SIUE students completing a master’s in public health (L-R) Stephanie Bargiel, Kyana Nunnally and Aldara Henderson.Southern Illinois University Edwardsville’s first Master of Public Health (MPH) cohort has spent the spring semester working diligently to complete mandatory community-based capstone projects. Despite pandemic-incited challenges, students Stephanie Bargiel, Kyana Nunnally and Aldara Henderson creatively adapted their projects in collaboration with an approved community partner.

“The students in our first MPH cohort tackled timely topics that truly reflected the challenges of these times,” said MPH program director Alice Ma, PhD, MPH. “They conducted successful capstone projects that also demonstrated their ability to persevere and be flexible. I am incredibly proud of their accomplishments, and I look forward to see what they contribute to the public health field next!”

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Bargiel, of Highland, utilized a social-ecological approach to explore resilience among emergency department healthcare providers and nurses in her timely project entitled “Resiliency of ER Healthcare Providers.” She investigated how levels of personal qualities, interpersonal connections, organizational structure, community and policy contribute to resilience.

“My primary goal was to analyze emergency healthcare worker experiences to further understand how to provide support and propagate advocacy for those who dedicate their lives to caring for the community day in and day out,” said Bargiel. “I believe in this project, and those who have agreed to participate in my research.”

Bargiel thanks the MPH program for allowing her to learn new skills, such as conducting interviews and writing a thesis, while completing a project that is personally fulfilling. Upon graduation, she aspires to begin medical school to pursue her interests in emergency medicine, gastroenterology and primary care.

Nunnally, of Chicago, pursued her master’s due to the countless possibilities within the public health field. Her capstone project, titled “Pregnancy Experiences of Minority Women,” uncovers disparities minority women face during maternal care and calls for equitable healthcare policy for all women.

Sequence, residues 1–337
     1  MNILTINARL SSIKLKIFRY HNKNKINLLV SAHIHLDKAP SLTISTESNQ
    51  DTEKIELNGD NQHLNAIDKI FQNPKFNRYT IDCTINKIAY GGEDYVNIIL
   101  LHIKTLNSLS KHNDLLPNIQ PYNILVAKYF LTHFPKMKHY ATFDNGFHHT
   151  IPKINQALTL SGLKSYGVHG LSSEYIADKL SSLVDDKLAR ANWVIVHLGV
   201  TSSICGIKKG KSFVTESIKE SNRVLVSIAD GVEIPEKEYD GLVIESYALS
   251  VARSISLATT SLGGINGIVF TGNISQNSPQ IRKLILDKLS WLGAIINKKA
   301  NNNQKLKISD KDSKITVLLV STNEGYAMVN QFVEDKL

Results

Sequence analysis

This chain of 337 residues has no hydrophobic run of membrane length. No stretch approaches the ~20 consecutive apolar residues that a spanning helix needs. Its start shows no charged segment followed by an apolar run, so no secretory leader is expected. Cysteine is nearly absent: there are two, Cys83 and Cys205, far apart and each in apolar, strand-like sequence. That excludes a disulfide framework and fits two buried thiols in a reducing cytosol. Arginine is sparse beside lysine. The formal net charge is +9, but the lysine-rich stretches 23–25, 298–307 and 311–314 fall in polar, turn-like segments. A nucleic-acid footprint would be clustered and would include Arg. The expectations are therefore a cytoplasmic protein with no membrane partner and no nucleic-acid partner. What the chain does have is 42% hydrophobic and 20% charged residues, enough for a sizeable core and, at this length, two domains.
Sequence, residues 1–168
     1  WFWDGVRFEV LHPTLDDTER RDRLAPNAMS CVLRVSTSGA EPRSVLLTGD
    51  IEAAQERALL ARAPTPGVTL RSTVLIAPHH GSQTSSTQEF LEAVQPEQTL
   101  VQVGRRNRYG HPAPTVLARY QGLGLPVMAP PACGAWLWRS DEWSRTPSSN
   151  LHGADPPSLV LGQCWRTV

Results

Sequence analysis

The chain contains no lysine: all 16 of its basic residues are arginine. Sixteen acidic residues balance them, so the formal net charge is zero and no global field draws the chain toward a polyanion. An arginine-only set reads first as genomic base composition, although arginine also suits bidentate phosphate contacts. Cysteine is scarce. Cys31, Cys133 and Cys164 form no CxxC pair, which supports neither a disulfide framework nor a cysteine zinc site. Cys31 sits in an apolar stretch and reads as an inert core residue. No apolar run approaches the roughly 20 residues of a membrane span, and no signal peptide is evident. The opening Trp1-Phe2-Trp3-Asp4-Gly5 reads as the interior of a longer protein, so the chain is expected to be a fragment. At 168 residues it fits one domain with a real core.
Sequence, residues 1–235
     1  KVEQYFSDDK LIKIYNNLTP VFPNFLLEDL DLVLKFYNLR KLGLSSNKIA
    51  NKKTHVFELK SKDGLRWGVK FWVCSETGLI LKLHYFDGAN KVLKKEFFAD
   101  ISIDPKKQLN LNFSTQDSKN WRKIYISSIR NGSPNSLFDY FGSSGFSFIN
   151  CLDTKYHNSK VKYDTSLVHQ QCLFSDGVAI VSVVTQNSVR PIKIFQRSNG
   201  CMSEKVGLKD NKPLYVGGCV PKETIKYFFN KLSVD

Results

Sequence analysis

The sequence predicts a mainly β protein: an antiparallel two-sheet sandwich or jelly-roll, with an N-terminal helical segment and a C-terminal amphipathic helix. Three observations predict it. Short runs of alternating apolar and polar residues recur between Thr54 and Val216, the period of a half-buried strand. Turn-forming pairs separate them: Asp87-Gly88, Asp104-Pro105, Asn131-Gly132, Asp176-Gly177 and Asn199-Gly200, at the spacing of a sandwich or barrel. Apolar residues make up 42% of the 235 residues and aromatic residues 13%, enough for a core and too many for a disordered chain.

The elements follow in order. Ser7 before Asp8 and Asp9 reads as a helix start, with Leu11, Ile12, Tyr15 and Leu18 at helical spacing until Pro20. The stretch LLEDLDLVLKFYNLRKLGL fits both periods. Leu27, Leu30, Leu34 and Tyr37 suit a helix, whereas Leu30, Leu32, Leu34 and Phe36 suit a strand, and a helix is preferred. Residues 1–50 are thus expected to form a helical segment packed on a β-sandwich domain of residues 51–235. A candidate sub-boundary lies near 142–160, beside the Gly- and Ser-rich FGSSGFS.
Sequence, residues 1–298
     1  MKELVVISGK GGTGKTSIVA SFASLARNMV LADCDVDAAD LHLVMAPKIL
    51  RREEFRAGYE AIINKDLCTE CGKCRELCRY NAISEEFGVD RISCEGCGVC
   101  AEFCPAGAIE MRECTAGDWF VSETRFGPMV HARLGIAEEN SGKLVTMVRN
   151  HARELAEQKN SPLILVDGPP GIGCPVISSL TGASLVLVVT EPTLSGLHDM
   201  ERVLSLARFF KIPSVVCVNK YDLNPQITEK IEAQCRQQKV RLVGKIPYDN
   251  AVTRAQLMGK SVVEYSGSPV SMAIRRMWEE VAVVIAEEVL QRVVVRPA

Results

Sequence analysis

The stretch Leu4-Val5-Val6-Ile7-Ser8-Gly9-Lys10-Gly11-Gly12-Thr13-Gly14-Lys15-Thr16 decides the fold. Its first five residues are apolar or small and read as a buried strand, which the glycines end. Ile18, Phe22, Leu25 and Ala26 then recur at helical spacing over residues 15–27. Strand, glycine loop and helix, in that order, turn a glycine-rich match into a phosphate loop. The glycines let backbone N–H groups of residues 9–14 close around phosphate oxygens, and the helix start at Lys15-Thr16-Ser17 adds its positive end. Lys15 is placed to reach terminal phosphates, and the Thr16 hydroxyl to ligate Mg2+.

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“This project was created to learn more about minority women and the struggles they face within the healthcare system,” explained Nunnally. “Racial differences in maternal mortality can be defined by definite differences in the rates of mortality between Black and white women during and after delivery. According to Howell (2019), Black women are 3-4 times more likely to experience maternal mortality compared to white women.”

Nunnally collected data on minority women’s access to maternal services throughout the stages of prenatal, childbirth and postnatal care. She hopes to discover how accessible services are and how knowledgeable women are on the options available to them. She aspires to work in maternal and child health with the goal of opening a birthing center for women of all ethnic and religious backgrounds.

Five years ago, Henderson, of Belleville, was diagnosed with Stage 4 cancer and told she had four months to live. After enduring multiple rounds of chemotherapy, two surgeries, and abdominal radiation, she returned to school to pursue public health with the goal of assisting others in a similar situation. Her capstone project, entitled “Preparedness and Resiliency of Cancer Patients,” examines U.S. cancer patient preparedness and resiliency in response to a disease outbreak such as COVID-19.

“Cancer patients are a vulnerable population, especially during a health pandemic,” said Henderson. “By identifying challenges, I hope that more efficient and helpful long-term preparations can be made so mistakes are not repeated.”

Henderson utilized social media to find study participants who completed an anonymous online survey. The survey’s open-ended questions allowed participants to explain the challenges associated with treatment delay, diagnostic procedure, office and telehealth visits, mental coping, and health costs during COVID-19.

After graduation, Henderson intends to apply to a public health doctoral program. Her ultimate goal is to utilize her research skills to work with global health organizations to help drive public policy change in the U.S.

To learn more about SIUE’s MPH program, visit siue.edu/academics/graduate/degrees-and-programs/public-health/.

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